1. AFAICT, no meme from Yourdungeonissuck is going to stick long enough in anyone's mind to poison the well.

      Both Tao and Hack & Slash contain enough worthwhile material that what is said there matters. Or potentially matters.

      I don't care what you like to play. But when you point out why what I like to play is a problem for you (and, let's face it, it is going to be for some folks), please be honest about what it is you want, and about the sources you are using. I dislike -C's attempts to use references that say the opposite of what is being claimed, for example, in the vain hope that no one will check.

      But that's just me.

  2. Tao and -C both generate quite a bit of material, it's true. Some of it is even useful. However, in the blogging world, following pages and viewing pages is essentially an expression of support. Much like buying a product is an expression of support for the product/company. Since my personal experience is that neither of these guys is actually interested in discussion, but rather in pushing their own agenda, scoring points or 'winning' the argument, they aren't really worth interacting with or supporting.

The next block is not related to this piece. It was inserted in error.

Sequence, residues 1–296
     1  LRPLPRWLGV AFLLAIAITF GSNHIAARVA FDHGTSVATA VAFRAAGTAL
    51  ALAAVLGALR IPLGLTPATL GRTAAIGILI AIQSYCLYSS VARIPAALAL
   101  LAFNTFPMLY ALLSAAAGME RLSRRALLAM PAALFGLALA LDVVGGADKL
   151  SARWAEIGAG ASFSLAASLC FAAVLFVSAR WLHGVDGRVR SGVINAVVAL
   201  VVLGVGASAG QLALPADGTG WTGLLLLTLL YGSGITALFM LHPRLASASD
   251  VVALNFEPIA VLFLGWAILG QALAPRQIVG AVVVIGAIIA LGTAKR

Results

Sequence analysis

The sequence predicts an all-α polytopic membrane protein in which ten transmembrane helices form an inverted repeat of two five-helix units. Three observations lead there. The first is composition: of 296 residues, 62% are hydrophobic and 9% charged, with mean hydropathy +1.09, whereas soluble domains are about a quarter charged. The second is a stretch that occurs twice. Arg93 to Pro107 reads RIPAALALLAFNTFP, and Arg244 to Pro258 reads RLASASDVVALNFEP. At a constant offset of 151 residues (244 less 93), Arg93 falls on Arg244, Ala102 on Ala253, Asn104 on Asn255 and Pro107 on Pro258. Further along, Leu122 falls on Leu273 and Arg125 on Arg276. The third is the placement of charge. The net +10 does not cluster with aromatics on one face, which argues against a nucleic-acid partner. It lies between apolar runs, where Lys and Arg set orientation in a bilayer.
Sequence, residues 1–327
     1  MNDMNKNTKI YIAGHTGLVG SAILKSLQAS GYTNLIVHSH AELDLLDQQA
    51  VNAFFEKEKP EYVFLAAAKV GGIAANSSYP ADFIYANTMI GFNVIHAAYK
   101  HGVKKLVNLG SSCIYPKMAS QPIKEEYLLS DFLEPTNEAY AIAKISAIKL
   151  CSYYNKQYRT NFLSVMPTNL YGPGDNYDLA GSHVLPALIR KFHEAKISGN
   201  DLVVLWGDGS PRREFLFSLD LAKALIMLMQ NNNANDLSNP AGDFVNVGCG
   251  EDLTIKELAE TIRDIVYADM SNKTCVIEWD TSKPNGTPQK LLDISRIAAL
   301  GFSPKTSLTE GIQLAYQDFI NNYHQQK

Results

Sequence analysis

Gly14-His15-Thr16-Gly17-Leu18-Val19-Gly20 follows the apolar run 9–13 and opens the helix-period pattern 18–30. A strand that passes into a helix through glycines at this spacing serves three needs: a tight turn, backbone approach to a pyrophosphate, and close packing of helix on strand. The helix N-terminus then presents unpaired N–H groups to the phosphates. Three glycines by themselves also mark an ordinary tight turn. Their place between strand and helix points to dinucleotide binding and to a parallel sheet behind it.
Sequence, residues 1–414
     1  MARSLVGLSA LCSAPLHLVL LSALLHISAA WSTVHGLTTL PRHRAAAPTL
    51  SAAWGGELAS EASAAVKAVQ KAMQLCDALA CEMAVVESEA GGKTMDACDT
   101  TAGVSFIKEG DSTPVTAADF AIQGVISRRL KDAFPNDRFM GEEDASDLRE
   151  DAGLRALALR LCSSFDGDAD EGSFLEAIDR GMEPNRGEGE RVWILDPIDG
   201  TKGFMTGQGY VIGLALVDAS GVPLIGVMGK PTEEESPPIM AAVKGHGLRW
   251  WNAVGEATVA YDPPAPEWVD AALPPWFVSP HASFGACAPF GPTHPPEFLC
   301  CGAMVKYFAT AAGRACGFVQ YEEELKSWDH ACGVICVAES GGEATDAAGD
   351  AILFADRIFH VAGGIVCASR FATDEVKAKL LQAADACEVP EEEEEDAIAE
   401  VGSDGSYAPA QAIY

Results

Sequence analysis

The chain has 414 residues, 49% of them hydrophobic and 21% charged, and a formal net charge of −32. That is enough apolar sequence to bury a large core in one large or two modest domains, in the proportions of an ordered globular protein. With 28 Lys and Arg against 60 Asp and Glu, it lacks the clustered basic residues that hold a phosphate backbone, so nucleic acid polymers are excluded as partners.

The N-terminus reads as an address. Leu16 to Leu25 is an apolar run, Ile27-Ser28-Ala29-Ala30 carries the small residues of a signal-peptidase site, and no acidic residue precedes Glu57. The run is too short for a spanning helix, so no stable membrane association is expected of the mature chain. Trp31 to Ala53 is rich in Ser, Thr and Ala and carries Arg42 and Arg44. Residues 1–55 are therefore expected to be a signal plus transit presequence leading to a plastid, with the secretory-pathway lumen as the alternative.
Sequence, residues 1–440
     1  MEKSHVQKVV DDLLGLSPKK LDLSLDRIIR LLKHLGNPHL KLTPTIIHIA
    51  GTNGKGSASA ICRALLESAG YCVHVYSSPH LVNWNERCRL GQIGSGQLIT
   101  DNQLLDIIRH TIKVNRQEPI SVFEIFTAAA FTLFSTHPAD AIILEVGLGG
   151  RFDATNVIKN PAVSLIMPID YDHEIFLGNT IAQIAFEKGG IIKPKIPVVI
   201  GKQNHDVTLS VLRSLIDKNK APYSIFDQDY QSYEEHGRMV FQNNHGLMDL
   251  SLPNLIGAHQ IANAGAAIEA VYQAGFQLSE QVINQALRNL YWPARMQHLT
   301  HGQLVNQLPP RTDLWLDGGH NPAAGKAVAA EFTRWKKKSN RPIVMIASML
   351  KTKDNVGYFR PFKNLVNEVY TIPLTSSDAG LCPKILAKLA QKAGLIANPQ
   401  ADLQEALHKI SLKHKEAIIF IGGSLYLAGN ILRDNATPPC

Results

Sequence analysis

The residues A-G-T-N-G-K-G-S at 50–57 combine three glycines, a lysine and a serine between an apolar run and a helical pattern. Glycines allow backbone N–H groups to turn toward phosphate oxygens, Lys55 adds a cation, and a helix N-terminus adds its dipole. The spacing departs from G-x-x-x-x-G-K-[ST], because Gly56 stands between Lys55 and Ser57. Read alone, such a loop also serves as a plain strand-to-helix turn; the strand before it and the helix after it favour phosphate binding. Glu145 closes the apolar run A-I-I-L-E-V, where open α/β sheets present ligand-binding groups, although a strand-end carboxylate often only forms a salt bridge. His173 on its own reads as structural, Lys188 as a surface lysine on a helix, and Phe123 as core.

But that's just me. Clearly, you are getting a lot of good food for thought there. Interesting stuff.

  3. Lets take a look at social interactions. It is clear that in a purely roleplaying sense, naturally good talkers will get better results than naturally bad talkers. Because the point of the game is not to fault people for being shy, there are mechanics written into the game rules regarding social interactions. Diplomacy skill, Bluff skill, Sense Motive skill (at least for D&D/PF).